UN panel examines boosting information, communication technologies in Africa
In his opening remarks to the third meeting of the UN Information and Communication Technologies (ICT) Task Force, the Secretary-General said while such technology was not "a magic formula that is going to solve all the problems," it was a powerful tool for economic growth and poverty eradication, which could help African countries integrate into the global market.
"By making the development of ICT one of the priorities of the New Partnership for Africa's Development, African leaders have shown that they are committed to seize the opportunities of the digital revolution," he noted.
The two-day meeting of the ICT Task Force at UN Headquarters in New York is to discuss the action plan for the African Digital Diaspora Network. It will also review progress made during its first year and set out its future strategy and work programme.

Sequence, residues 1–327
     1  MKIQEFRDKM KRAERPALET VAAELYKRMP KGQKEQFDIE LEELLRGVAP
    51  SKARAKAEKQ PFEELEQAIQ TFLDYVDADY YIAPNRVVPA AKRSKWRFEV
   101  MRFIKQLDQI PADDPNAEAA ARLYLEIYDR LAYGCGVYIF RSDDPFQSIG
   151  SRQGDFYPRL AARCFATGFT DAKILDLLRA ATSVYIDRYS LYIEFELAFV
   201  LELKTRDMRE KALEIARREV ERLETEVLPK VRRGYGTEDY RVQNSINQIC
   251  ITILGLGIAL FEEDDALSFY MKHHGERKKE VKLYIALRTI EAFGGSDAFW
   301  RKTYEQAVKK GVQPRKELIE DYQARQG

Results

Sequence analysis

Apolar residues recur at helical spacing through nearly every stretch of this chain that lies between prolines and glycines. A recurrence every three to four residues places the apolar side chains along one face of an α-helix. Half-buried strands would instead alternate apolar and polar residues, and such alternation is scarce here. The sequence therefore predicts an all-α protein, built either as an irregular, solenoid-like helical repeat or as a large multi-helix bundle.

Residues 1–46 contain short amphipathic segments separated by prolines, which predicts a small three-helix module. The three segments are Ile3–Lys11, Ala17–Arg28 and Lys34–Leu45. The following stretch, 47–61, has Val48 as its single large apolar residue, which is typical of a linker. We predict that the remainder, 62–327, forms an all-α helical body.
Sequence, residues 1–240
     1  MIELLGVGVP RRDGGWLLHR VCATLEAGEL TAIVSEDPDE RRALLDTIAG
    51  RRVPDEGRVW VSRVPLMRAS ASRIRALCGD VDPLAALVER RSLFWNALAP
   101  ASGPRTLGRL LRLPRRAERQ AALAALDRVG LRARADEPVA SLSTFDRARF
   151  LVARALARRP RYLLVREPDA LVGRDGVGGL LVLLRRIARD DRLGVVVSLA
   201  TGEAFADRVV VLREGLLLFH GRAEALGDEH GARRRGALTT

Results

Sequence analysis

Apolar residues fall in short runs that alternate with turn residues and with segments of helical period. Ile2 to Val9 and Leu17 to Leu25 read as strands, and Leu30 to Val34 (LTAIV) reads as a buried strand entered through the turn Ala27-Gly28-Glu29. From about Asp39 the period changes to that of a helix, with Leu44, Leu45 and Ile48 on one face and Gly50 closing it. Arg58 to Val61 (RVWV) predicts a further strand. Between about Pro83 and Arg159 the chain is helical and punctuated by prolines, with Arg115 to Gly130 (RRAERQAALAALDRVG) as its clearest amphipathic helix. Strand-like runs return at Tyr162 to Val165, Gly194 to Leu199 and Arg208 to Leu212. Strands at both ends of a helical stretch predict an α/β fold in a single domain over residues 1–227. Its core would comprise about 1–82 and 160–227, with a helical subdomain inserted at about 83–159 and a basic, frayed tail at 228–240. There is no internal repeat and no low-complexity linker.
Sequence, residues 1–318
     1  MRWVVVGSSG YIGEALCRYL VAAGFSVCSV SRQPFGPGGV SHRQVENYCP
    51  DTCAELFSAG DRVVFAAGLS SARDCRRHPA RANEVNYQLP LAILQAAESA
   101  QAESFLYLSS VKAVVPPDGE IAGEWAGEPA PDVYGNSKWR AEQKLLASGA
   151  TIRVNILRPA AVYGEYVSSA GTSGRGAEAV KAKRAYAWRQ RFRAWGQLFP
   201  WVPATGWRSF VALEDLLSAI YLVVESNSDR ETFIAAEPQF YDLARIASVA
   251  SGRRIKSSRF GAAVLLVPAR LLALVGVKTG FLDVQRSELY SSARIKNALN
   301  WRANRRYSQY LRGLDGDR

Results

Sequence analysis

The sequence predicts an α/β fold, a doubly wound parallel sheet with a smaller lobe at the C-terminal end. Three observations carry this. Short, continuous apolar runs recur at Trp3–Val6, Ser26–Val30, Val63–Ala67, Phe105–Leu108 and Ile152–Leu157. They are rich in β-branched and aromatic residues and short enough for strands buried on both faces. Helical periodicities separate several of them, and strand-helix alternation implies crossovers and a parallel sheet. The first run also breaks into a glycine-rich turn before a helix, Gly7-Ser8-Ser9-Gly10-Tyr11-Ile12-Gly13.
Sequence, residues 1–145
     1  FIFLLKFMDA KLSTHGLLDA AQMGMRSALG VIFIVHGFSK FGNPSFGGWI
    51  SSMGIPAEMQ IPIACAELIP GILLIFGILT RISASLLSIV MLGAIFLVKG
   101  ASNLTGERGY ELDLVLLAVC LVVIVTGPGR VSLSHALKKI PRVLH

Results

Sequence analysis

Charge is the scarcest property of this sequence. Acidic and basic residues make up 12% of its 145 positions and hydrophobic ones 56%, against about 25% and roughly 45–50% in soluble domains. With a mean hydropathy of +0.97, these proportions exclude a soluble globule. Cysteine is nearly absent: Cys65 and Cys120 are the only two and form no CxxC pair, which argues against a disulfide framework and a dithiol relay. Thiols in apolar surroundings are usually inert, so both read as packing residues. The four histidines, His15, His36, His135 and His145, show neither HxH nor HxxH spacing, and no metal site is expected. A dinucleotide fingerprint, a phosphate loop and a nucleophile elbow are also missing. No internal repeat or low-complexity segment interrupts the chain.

In his remarks, the Secretary-General said there was a "vast potential" for investment growth in the developing countries, as information and communication technologies could help turn this potential into concrete opportunities that would help the poor work their way out of poverty, while at the same benefiting the world community as a whole.
But bridging the digital divide, in Africa and elsewhere, was a formidable task that required not only leadership, but also a major commitment of resources. What was needed, Mr. Annan said, was the use of low-cost technologies to provide cheap, fast, and eventually free access to the Internet.
"Now is the time to think of partnerships and initiatives that will make a difference on the ground," he said.